"We gather in faith..."

Teaching and commentary from our pastor, Bishop Francis J. Christian


Not long ago I saw some graffiti that read “It’s time to

take a stand!” The writer didn’t say a stand on what, on

whether one should be for or against the death penalty, be

a member of a particular political party, or lobby for

vanilla ice cream rather than chocolate at the next public

event. All that was written was that a stand was now

necessary. In the Old Testament Joshua requires the

people to decide whether they will serve the Lord or some

other God, and in the gospel Jesus asks the Apostles

whether they will stay with him or leave him as some of

the other disciples are doing. In both cases, a stand is

required. When you think about it, taking a stand is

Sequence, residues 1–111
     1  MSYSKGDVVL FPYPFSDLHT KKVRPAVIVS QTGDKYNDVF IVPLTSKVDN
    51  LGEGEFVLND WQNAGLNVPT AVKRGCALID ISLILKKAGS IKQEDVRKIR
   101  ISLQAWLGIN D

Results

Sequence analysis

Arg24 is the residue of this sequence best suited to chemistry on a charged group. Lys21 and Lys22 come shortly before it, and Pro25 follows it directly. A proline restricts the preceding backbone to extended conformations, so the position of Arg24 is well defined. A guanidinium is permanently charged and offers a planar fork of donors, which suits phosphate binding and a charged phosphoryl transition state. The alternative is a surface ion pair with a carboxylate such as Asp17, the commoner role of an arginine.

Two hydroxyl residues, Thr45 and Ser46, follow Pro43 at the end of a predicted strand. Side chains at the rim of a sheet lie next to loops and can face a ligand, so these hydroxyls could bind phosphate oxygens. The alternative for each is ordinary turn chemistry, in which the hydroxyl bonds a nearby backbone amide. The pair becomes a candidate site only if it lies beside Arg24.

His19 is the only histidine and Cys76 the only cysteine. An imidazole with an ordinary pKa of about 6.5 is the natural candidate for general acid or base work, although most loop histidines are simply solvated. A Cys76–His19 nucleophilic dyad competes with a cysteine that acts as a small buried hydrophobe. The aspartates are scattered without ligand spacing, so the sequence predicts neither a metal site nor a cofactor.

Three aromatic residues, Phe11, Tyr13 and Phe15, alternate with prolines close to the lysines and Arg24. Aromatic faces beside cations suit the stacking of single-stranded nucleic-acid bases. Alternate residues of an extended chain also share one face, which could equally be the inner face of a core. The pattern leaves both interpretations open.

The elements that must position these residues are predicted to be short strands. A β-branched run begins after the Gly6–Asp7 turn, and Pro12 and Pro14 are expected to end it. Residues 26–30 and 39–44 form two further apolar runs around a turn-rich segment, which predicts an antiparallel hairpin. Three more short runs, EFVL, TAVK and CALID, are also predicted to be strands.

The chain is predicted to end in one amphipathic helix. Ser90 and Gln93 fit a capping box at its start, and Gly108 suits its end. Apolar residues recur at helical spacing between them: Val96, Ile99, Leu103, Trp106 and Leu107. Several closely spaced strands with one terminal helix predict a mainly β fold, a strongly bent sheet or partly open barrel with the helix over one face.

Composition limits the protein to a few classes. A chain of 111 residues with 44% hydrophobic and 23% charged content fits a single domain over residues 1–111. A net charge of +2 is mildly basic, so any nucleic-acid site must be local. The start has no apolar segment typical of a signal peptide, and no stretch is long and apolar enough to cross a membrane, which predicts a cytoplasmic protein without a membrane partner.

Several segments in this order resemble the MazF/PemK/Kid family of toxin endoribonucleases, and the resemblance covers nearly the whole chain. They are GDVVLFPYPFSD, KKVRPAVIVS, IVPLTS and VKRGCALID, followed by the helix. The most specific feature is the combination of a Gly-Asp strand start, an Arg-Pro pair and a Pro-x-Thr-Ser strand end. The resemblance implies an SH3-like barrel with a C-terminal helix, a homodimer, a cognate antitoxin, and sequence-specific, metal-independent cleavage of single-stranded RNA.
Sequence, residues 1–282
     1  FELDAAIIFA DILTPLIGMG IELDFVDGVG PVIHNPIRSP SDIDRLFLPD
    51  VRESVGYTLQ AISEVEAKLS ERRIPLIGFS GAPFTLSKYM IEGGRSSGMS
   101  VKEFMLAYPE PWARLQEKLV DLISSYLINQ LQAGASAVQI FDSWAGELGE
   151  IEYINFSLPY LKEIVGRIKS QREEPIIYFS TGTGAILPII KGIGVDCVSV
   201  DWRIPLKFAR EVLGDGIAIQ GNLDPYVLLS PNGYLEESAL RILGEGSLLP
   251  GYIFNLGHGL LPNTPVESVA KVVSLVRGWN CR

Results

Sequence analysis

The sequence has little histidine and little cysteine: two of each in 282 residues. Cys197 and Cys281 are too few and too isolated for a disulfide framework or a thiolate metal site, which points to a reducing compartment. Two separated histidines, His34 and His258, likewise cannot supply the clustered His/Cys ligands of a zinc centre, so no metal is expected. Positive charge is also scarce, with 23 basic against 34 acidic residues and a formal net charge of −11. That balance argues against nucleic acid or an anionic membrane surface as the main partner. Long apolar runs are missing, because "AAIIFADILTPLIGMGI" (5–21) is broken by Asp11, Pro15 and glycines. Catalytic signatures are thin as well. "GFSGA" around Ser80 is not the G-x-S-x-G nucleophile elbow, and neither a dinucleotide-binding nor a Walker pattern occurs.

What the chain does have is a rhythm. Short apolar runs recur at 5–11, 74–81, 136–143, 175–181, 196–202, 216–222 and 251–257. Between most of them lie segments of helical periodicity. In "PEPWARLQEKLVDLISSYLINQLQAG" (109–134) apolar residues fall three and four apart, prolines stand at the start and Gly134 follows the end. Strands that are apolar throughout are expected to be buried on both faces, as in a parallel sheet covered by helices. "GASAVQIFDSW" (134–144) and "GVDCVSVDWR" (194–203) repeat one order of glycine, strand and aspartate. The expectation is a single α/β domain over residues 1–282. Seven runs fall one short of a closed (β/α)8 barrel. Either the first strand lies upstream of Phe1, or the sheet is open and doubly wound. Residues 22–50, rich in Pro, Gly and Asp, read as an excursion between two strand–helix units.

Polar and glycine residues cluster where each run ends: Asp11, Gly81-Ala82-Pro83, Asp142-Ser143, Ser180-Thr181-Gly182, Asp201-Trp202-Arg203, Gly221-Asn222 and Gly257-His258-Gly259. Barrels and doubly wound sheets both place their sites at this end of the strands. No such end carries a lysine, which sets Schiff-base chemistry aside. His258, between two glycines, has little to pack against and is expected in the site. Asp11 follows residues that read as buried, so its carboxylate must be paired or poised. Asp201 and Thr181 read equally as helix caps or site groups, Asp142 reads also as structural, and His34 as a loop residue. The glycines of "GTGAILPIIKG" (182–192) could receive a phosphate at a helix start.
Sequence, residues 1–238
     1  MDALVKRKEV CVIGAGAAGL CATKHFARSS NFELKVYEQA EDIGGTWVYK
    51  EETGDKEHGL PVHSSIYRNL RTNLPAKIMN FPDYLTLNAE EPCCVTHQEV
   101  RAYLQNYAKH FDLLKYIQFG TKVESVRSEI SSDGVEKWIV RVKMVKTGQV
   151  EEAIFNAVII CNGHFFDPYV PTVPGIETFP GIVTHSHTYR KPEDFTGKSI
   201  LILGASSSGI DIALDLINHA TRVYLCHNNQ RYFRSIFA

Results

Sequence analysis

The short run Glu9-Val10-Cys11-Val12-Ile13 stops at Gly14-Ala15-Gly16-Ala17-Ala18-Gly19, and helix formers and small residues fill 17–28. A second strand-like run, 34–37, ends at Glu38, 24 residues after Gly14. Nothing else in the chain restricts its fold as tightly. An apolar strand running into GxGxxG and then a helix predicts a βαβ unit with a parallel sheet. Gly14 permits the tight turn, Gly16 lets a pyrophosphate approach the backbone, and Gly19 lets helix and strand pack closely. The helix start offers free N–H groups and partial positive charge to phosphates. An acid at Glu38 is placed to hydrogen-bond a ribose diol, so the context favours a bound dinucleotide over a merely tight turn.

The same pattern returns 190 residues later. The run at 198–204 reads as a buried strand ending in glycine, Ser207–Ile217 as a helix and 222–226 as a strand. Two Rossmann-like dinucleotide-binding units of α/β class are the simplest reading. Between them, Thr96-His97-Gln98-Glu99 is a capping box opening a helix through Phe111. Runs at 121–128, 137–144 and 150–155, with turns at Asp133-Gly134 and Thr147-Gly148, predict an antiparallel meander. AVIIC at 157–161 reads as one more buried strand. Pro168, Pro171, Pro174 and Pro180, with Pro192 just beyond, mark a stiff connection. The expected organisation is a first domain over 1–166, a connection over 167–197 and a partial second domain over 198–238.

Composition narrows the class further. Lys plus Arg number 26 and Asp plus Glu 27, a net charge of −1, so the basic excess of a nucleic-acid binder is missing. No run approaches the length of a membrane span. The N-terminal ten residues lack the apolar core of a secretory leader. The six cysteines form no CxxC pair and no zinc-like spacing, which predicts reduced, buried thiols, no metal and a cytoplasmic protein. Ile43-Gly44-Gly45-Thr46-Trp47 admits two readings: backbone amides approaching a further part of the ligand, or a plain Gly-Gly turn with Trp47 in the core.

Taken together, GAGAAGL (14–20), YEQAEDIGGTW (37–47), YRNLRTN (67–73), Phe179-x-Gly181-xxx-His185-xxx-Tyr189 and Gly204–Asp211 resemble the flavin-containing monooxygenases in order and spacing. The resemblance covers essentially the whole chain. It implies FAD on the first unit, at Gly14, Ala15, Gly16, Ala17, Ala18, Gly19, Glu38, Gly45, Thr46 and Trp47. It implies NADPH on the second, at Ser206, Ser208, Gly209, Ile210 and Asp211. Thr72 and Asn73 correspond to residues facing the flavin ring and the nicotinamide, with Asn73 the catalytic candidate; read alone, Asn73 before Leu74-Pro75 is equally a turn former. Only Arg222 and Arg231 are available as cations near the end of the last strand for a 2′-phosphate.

freeing because what might have previously been grey

becomes black and white. Once you and I know where we

stand, we no longer have to hedge our bets or try to cover

all the bases. A stand, which is another way of talking

about a commitment, gives us direction and focus and

keeps us from diddling around the periphery of things.

Taking a stand frees us from wondering where to stand.

So every once in a while people of faith choose to stand

up and be counted, even when it costs us something. For

example, when minorities move into our neighborhood

we stand up to fears of declining property values and

choose not to move out. When others bulldoze the poor,

we stand firm in support of the weakest. When we’re

tempted to tinker with compromise for the sake of a

promotion, we decide to stand for the values of Jesus

instead. Most folks have opinions, believers take stands.

Of course there are others who take stands—upon comfort

or profit or even upon some transitory glitter. But stands

by believers are taken with a different vision, one of

Spirit, because we have come to recognize that it is the

Spirit who gives life and not the flesh, as Jesus reminds